10 Essential Parenting Skills
Dr. Robert Epstein has done something interesting. He has, with the help of other researchers, compiled a list of the 10 most valuable parenting competencies. He gathered information from 2,000 parents who answered questions about their kids and who also took an online test that was designed by Dr. Epstein. There were 10 skills that were selected by Dr. Epstein for being the most predictive, according to published studies, of healthy kids. The answers given by the parents were evaluated by a panel of 11 parenting experts (whatever that means) that were unknown to Dr. Epstein, while he was, likewise, unknown to them (a double blind evaluation). The results took into account both the parents’ answers, as matched with conclusions from previously published studies, and the actual happiness of the kids about whom the questions were being answered. The product of the study was a ranking of the 10 skills by how well they predict a healthy parent/child bond balanced with mutual happiness. It should be noted that none of the skills are unimportant. They were all selected in the first place because they have published studies to back up their effectiveness. These are the ten most important skills ranked:
1. Love and affection: Do you happily and willingly spend quality time with your kid? How well do you support and accept your kid for who he is?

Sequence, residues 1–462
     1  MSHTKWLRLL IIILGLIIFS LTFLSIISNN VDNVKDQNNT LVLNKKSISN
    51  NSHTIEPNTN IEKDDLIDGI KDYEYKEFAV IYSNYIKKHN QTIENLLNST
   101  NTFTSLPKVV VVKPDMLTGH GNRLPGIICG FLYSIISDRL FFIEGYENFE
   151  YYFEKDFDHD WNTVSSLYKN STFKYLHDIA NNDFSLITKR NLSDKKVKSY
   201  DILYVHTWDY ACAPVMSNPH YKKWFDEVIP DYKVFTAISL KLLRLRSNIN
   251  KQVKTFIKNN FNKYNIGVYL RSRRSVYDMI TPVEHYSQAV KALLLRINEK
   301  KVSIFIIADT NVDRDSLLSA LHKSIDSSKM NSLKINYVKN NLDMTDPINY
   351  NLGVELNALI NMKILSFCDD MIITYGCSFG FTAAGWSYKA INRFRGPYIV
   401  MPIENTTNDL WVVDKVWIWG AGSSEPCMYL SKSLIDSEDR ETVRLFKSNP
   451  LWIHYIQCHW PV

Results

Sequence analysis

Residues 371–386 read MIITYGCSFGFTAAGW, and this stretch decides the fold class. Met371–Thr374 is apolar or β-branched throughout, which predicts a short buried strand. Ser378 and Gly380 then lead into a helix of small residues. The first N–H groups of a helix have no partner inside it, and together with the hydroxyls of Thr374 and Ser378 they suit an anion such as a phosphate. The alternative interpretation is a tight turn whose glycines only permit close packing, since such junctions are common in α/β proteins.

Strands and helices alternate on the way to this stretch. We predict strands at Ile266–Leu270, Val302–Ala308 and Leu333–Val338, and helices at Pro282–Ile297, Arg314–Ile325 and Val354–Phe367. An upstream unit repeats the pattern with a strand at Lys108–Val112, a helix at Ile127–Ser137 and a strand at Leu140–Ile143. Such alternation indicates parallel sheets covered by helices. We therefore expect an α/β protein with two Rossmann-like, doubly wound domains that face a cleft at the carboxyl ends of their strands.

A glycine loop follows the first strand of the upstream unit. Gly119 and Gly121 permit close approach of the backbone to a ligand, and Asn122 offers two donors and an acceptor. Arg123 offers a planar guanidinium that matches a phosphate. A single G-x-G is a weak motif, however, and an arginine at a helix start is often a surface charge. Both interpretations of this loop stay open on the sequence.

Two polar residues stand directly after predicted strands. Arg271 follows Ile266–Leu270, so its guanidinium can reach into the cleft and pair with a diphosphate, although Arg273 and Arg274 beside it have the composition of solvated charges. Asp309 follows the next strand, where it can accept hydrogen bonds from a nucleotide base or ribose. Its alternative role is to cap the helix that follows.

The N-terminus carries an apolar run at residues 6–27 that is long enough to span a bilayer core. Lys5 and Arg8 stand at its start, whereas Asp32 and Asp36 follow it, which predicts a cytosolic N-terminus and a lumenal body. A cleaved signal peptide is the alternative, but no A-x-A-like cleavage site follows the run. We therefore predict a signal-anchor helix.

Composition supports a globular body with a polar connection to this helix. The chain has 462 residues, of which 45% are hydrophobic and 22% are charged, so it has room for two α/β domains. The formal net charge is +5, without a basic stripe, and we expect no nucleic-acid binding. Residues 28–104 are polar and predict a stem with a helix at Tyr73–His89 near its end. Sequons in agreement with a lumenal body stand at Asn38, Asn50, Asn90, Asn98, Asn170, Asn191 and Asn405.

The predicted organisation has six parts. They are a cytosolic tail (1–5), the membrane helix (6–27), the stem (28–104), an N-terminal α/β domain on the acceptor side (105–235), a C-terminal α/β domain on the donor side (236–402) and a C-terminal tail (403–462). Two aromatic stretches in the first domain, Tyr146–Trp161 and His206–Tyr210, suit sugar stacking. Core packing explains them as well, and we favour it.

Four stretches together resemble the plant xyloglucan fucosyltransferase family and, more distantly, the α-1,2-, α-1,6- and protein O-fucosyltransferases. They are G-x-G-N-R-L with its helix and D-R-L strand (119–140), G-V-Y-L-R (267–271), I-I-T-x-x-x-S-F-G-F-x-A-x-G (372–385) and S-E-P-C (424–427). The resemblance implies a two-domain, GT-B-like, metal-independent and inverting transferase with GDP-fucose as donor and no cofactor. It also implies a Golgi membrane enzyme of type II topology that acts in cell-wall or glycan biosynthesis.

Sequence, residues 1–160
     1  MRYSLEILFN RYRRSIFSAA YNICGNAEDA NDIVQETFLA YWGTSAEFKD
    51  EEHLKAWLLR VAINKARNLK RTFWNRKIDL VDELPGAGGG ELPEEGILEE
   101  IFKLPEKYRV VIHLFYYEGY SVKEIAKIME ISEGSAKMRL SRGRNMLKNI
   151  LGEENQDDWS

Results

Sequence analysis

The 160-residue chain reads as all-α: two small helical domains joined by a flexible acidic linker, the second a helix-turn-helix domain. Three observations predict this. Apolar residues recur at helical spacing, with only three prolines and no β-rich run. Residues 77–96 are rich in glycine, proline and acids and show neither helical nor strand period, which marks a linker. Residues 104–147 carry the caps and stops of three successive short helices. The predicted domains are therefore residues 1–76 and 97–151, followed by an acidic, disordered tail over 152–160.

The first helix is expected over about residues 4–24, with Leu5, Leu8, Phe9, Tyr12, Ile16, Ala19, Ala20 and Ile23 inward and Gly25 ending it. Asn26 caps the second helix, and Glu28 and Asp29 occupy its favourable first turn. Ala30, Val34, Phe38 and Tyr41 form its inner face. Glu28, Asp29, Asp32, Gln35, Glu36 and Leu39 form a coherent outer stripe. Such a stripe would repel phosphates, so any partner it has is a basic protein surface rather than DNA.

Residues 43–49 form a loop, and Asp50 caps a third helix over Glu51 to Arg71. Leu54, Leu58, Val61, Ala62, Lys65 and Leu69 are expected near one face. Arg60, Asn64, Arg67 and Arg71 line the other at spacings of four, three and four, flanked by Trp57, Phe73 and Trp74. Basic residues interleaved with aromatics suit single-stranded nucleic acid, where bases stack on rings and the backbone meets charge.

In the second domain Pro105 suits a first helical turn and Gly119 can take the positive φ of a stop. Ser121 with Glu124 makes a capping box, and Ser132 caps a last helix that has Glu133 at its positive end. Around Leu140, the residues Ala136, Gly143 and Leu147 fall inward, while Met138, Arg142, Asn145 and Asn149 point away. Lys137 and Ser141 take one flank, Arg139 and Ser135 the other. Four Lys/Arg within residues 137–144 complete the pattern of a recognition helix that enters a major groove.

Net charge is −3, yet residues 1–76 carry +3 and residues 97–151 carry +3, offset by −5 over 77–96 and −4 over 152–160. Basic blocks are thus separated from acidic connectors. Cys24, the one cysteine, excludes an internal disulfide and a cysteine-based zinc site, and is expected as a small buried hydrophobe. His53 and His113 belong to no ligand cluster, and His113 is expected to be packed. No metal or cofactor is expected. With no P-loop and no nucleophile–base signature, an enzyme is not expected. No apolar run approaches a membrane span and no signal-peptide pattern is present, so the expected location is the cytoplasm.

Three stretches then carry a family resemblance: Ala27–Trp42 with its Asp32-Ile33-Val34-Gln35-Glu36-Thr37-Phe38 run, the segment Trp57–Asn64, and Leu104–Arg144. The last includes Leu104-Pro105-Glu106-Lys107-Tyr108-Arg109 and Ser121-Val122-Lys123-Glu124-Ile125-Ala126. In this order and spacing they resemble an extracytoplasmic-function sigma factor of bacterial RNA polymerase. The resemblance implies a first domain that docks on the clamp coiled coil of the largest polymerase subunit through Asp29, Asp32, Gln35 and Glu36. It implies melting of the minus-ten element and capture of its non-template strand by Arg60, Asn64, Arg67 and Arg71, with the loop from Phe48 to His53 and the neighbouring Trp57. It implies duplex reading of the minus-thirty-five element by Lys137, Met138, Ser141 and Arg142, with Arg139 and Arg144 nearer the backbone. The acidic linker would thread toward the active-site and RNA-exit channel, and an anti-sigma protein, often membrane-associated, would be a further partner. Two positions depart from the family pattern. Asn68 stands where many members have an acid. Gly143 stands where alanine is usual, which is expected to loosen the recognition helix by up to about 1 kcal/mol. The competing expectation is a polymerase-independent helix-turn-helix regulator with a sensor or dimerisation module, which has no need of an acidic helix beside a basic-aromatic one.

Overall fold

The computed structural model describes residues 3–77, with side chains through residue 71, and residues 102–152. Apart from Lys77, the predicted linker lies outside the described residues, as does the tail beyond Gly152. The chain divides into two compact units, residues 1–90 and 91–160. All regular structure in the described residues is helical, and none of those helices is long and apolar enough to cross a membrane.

2. Stress Management: Do you practice relaxations techniques so as to reduce stress for both yourself and your kids?
3. Relationship Skills: This refers to your relationship with your spouse. Kids are deeply affected by strife, even if it isn’t directed at them.
4. Autonomy and Independence: How well do you encourage your kid to make independent decisions? Do you give him the respect necessary for him to be willing to try new things?
5. Education and learning: How many educational opportunities does your kid have? How well do you facilitate learning?
6. Life Skills: Are you equipping your kid with life skills that could provide him with an income if all else fails?
7. Behavior management: Positive reinforcement. Punish only when all forms of positive reinforcement have failed.
8. Health: Do you live a healthy and active life? How well is that modeled for your kids so they, too, grow an appreciation for health and fitness?
9. Religion: It has been shown that religious studies or some other spiritual training is helpful for mental well being.
10. Safety: The steps you take to ensure that no physical harm comes to your child. Do you protect him from pernicious online influences? Keep him away from bad neighborhoods?
What do you think? Is this a good list? Has Dr. Epstein and his researchers said anything you wouldn’t have already known or, having been made aware of this list, does it become clearer which things you need work on? I am strong in some areas and weak in 1 or 2 of them. I’d be willing to bet we can all see things we might be neglecting.
Source: November issue of Scientific American Mind Magazine